The 6 Classes of Fire and How to Stop Them

Distinguishing the different classes of fire is incredibly important to fire safety because not all fire extinguishers are suitable for every type of fire. Use the wrong type of fire extinguisher could do more harm than good. There are 6 different classes of fire, and each should be attacked in a different way.

Here, we outline the various classes of fire, where they can potentially occur, and which fire extinguishers are suitable for each class of fire.

The 6 Class of Fires

Different types of fire extinguisher

Each class of fire requires a certain type of fire extinguisher. You can quickly identify a suitable fire extinguisher by its label. The list below concisely highlights which classes of fire various fire extinguishers are suitable for.

Class A Fire: Combustible Materials
Class a Fire

Class A (combustible materials)

Class A fires are generally caused by a naked flame or items of high temperatures coming into contact with combustible, carbonaceous materials.

Almost all premises are at risk of Class A fires due to the widespread use of such materials. This includes offices, schools, warehouses, hospitals, and anywhere that uses or contains paper, cardboard, wood, etc.

There are several types of fire extinguishers that can be used on Class A fires. These are powder, foam, water and wet chemical.

Class B Fire: Flammable Liquids
Class b Fire

Class B (flammable liquids)

Class B fires occur when flammable liquids, such as petrol and spirits, are exposed to a source of ignition. These types of liquid are flammable by design and extremely volatile, if not stored safely.

Many settings, including restaurants, bars, garages, construction sites, laboratories, hospitals and petrol forecourts, are at particular risk of Class B fires and must keep suitable fire extinguishers on-site and mandatory fire safety signage to highlight the proper safety procedures of everyone onsite.

Fire extinguishers suitable for Class B fires are powder, CO2 and foam.

Class C Fire: Flammable Gases
Class c Fire

Class C (flammable gases)

Fires involving flammable gases, such as propane and butane, are known as Class C. Flammable gases must be stored correctly in sealed containers and only operated by a competent person.

Manufacturing and industrial warehouses, chemical plants or anywhere that stores large quantities of flammable gases are at particular risk of Class C fires.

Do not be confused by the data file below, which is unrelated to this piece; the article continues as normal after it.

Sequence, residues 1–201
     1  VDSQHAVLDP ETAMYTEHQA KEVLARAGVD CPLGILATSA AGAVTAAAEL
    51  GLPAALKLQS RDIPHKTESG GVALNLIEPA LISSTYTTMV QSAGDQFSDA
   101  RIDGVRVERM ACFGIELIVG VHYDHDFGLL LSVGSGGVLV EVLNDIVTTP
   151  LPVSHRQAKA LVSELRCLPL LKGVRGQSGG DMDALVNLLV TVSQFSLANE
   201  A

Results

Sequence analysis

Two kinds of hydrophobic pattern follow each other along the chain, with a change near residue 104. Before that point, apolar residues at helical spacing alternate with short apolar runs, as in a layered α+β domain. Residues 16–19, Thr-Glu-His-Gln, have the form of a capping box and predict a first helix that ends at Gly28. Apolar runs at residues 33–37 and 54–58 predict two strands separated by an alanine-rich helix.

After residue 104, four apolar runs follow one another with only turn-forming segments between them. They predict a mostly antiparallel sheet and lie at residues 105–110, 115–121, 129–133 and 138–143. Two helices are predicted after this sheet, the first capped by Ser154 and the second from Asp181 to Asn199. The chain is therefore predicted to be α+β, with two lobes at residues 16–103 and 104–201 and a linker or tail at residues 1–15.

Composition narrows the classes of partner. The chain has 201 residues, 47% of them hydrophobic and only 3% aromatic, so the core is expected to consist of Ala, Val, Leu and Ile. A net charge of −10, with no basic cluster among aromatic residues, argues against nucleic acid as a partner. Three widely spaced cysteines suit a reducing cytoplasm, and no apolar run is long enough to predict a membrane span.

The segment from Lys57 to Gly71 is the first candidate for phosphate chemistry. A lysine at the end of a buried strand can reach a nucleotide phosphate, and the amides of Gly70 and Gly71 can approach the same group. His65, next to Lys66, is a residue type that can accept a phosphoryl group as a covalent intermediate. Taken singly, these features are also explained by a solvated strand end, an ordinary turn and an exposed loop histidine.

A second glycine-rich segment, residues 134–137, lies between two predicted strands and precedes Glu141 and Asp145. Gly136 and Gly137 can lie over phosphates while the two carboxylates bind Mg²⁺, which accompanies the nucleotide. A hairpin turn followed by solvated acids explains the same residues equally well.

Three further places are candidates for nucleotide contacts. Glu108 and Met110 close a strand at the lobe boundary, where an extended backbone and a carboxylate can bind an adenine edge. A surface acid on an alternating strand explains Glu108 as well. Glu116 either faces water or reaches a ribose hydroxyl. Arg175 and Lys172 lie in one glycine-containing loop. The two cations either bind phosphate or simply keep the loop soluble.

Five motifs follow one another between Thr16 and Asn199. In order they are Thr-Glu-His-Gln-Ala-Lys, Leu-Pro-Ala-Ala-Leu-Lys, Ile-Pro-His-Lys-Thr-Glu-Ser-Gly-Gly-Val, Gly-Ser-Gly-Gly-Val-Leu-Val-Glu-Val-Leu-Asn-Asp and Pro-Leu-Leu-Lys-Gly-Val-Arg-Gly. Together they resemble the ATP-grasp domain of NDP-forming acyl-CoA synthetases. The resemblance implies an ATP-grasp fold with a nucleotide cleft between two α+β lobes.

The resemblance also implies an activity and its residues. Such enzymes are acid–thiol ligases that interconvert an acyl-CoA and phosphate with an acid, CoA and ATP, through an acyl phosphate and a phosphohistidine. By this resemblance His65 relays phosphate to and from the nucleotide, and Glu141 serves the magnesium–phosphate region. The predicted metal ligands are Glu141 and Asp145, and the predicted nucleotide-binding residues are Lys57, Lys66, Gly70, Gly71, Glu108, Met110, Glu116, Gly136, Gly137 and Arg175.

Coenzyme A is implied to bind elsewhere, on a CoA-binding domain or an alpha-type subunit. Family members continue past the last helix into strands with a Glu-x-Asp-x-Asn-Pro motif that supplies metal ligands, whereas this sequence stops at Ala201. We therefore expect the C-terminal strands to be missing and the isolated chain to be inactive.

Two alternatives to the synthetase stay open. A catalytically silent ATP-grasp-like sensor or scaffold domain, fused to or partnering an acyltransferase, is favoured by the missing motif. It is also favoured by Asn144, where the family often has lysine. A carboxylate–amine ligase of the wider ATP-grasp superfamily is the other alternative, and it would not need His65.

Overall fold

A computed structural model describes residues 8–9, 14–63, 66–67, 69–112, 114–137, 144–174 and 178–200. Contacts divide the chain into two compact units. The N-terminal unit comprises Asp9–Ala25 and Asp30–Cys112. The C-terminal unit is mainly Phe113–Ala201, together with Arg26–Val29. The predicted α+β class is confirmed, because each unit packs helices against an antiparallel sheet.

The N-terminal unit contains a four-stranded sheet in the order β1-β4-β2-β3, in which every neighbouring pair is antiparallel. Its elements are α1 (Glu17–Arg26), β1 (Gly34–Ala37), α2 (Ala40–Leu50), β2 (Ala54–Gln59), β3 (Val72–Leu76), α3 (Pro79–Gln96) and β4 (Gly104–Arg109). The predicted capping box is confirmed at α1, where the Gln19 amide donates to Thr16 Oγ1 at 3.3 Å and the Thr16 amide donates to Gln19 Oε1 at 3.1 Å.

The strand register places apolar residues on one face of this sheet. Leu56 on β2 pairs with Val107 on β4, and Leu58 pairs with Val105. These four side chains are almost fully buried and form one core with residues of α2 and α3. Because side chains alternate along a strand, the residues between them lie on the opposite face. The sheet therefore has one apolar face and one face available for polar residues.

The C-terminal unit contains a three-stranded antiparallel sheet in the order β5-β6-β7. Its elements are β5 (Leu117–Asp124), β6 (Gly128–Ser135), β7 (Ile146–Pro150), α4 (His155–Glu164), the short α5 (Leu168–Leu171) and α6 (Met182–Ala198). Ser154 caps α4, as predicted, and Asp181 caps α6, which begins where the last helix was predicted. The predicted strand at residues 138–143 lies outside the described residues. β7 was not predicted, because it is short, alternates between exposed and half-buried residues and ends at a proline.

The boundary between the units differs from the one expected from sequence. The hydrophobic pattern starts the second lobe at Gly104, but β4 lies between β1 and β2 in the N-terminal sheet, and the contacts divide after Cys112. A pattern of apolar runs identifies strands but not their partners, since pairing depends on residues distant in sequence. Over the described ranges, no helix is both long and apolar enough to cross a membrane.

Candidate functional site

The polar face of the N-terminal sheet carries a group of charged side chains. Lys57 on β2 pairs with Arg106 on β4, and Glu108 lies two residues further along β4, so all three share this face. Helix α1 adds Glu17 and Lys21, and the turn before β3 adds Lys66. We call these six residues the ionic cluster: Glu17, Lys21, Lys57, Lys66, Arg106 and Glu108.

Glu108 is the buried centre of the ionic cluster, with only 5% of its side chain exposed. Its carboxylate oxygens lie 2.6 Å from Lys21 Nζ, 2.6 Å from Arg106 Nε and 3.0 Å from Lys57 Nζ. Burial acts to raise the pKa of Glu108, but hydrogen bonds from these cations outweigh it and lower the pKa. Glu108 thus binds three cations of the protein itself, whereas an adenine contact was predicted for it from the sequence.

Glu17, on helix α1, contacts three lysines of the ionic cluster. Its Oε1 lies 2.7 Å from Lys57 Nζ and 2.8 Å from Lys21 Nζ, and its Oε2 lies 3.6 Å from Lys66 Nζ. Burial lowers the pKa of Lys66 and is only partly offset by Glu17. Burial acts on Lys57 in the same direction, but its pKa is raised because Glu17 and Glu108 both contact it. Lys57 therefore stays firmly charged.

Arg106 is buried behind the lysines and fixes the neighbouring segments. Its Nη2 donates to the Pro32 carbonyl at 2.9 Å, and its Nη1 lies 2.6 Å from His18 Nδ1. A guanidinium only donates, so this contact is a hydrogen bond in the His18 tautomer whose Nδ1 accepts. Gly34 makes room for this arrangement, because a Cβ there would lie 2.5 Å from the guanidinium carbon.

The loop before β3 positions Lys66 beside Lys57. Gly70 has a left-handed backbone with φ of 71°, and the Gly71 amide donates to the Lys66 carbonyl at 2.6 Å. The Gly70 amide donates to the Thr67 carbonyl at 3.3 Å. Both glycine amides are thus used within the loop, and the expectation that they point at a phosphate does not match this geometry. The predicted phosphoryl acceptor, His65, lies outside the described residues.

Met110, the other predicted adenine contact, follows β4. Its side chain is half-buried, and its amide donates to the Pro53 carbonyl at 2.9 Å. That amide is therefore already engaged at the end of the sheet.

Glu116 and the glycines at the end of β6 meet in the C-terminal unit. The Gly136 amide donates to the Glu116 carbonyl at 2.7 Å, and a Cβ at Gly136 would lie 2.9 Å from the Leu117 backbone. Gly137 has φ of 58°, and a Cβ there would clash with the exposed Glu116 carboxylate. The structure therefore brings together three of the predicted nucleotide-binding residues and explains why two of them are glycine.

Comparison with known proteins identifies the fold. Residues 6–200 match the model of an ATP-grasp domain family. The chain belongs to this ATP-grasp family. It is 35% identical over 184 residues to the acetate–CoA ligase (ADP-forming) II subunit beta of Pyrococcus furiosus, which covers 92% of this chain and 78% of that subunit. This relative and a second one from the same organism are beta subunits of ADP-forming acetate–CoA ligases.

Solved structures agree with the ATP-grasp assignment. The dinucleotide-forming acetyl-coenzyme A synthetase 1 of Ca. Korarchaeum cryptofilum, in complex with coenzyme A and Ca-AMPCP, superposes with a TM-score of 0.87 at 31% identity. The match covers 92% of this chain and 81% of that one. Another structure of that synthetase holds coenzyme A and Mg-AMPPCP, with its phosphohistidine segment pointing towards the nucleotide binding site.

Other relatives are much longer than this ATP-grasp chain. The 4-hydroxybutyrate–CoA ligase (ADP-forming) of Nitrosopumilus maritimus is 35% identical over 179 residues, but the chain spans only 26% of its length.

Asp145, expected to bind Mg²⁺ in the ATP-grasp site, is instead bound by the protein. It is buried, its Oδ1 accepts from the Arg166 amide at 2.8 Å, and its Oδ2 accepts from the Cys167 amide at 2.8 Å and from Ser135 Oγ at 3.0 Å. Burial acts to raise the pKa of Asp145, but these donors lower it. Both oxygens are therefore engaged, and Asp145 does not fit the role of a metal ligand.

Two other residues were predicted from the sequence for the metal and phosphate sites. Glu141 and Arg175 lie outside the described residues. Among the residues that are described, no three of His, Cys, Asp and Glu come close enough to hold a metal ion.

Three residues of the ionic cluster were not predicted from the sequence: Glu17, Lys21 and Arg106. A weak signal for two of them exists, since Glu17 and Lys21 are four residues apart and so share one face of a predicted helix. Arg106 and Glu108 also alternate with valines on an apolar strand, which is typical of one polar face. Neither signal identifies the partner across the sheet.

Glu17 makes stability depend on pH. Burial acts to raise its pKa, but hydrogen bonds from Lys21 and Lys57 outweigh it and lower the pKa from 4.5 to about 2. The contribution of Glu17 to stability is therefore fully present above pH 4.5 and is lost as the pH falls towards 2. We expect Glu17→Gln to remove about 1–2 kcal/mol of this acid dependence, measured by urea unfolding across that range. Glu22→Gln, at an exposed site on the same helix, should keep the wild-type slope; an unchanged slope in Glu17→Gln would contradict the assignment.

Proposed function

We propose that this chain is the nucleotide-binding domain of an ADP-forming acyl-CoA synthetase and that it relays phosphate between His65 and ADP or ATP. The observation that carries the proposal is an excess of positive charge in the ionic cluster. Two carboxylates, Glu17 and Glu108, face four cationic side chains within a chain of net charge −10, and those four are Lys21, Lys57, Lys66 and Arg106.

Class C fires must be tackled using a powder fire extinguisher.

Class D Fire: Burning Metals
Class D Fire

Class D (burning metals)

Class D fires occur when combustible metals, such as magnesium, lithium and sodium, ignite and are more prevalent in laboratories, warehouses and metal fabricators.

Only specialised fire extinguishers are suitable for use on Class D fires.

Class D Fire: Electrical Fires
Class E Fire

Class E (electrical fires)

Electrical, or Class E, fires are a risk to all premises that use electricity.

They occur when live electrical equipment is involved in a fire and must not be tackled by a liquid-based fire extinguisher. This is because water is a conductor and will spread the current across a greater area if used, potentially endangering the user of the fire extinguisher.

As a result, only powder (for electrical currents under 1000v) and CO2 fire extinguishers are suitable here, as they do not rely on a liquid agent.

Class F Fire: Cooking Oils and Fats
Class F Fire

Class F (cooking oils and fats)

Class F fires pose a risk to restaurants and kitchens. Fires from cooking oils and fats can be made significantly worse by using a liquid-based agent to extinguish them.

Fire extinguishers suitable for Class F fires are foam fire extinguisher.

To learn more about matching the class of fires to the suitable fire extinguisher, read our comprehensive guide to identifying fire extinguishers by colour.

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